Pound to Fall Lower Against the Dollar Following UK GDP Data?

25.10.17
4 minute read
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The pound continued to deteriorate against the stronger US dollar on Tuesday. Sterling sunk to a day’s low of US$1.3114 before moving marginally higher into the close of trading session.

What do these figures mean?

When measuring the value of a pair of currencies, one set equals 1 unit and the other shows the current equivalent. As the market moves, the amount will vary from minute to minute.

For example, it could be written: 1 GBP = 1.28934 USD

Here, £1 is equivalent to approximately $1.29. This specifically measures the pound’s worth against the dollar. If the US dollar amount increases in this pairing, it’s positive for the pound.

Or, if you were looking at it the other way around: 1 USD = 0.77786 GBP

In this example, $1 is equivalent to approximately £0.78. This measures the US dollar’s worth versus the British pound. If the sterling number gets larger, it’s good news for the dollar.

The pound’s weakness comes as investors are increasingly nervous as to whether the Bank of England (BoE) will go ahead and raise interest rates in November. The central bank had previously said that should the UK economy remain resilient, a rate hike could happen at their November meeting. However, this week Deputy BoE Governor Jon Cunliffe raised doubts of interest rates being raised. He said that it remains an “open question”, given that the UK economy had weakened. As hopes of an interest rate hike declined, so did the value of the pound.

Why do raised interest rates boost a currency’s value?
Interest rates are key to understanding exchange rate movements. Those who have large sums of money to invest want the highest return on their investments. Higher interest rate environments tend to offer higher yields. So, if the interest rate or at least the interest rate expectation of a country is relatively higher compared to another, then it attracts more foreign capital investment. Large corporations and investors need local currency to invest. More local currency used then boosts the demand of that currency, pushing the value higher.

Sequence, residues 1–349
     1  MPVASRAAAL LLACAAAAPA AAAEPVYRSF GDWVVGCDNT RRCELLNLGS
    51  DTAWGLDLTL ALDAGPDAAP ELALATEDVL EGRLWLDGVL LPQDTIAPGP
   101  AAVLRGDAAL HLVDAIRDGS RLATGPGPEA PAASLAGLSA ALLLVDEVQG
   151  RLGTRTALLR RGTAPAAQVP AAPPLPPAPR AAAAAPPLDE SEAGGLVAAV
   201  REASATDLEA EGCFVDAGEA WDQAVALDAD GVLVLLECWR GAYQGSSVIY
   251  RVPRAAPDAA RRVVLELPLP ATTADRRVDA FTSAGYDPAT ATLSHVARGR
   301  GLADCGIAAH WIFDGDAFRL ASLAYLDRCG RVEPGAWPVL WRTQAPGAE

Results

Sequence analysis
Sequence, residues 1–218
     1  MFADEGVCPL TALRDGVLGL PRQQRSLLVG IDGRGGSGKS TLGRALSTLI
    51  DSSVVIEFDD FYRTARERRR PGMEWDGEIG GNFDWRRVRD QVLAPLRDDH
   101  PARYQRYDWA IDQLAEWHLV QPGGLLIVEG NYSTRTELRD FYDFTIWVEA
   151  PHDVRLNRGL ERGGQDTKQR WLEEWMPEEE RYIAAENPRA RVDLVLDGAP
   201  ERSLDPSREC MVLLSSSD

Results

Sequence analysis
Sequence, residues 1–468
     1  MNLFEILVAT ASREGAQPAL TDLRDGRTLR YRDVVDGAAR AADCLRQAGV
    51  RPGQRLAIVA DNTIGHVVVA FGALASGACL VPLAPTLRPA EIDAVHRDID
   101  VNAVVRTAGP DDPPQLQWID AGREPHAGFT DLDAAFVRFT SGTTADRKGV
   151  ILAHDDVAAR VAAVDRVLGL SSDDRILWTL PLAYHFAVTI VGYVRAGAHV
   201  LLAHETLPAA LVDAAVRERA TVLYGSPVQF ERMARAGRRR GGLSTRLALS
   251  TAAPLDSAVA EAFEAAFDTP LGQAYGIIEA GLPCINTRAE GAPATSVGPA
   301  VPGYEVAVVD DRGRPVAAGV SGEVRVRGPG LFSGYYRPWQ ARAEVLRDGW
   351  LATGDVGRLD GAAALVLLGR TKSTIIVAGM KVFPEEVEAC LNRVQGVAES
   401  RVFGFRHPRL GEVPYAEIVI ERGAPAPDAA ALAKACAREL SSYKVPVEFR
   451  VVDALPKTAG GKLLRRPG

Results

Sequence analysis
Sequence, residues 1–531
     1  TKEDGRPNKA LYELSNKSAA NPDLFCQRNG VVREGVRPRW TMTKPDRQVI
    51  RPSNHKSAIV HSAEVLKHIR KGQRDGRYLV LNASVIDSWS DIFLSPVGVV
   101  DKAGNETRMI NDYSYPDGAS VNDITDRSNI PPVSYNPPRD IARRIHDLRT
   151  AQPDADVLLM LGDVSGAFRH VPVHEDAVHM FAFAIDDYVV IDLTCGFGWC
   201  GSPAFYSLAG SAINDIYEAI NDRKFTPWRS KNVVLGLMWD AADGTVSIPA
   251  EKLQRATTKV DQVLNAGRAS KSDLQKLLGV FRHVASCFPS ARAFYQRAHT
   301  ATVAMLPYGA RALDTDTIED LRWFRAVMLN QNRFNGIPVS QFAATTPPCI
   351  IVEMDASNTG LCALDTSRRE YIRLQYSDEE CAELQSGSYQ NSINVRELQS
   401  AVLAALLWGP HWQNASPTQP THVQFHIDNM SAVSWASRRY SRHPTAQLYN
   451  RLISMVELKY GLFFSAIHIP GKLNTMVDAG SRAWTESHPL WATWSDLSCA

Investors will now focus their attention on today’s third quarter GDP results. Analysts are predicting that the British economy grew just 0.3% quarter on quarter or 1.5% on an annual basis. The weak retail sales figures earlier in the month and the fact that the consumer is being squeezed by higher prices and falling wages in real terms, doesn’t bode well for the GDP. A disappointing GDP figure could be on the cards. GDP, or Gross domestic product, is the total value of everything produced by all the people and companies in the country and is considered the best way to measure a country's economy. Should the UK economy grow more slowly than forecasted, the pound could fall sharply versus the dollar. A weak GDP reading could also mean that the BoE will decide not to raise rates in November.

Dollar Boosted By Strong PMI Data Ahead of Friday’s GDP

The dollar went from strength to strength on Tuesday. Investors are seeing many reasons to buy the dollar at the moment. Firstly, Tuesday’s service sector and manufacturing data beat analysts’ forecasts, showing that momentum was still strong in the US economy. Strong data boosted the demand for the dollar.

Why does strong economic data boost a country’s currency?
Solid economic indicators point to a strong economy. Strong economies have strong currencies because institutions look to invest in countries where growth prospects are high. These institutions require local currency to invest in the country, thus increasing demand and pushing up the money’s worth. So, when a country or region has good economic news, the value of the currency tends to rise.

Secondly, investors are very confident that the Federal Reserve will hike interest rates in the December monetary policy meeting. Investors are putting the probability of this hike at 98.5%. When the odds of an interest rate are high, the currency gains ground. And finally, the probability of the pro-growth tax reforms being pushed through sooner rather than later means that demand for the dollar could increase further.

There appears to be a lot in favour of the dollar right now. However, currency markets are rarely smooth sailing. Should new homes data or durable goods data show low growth in these sectors today, the dollar could come under some pressure.

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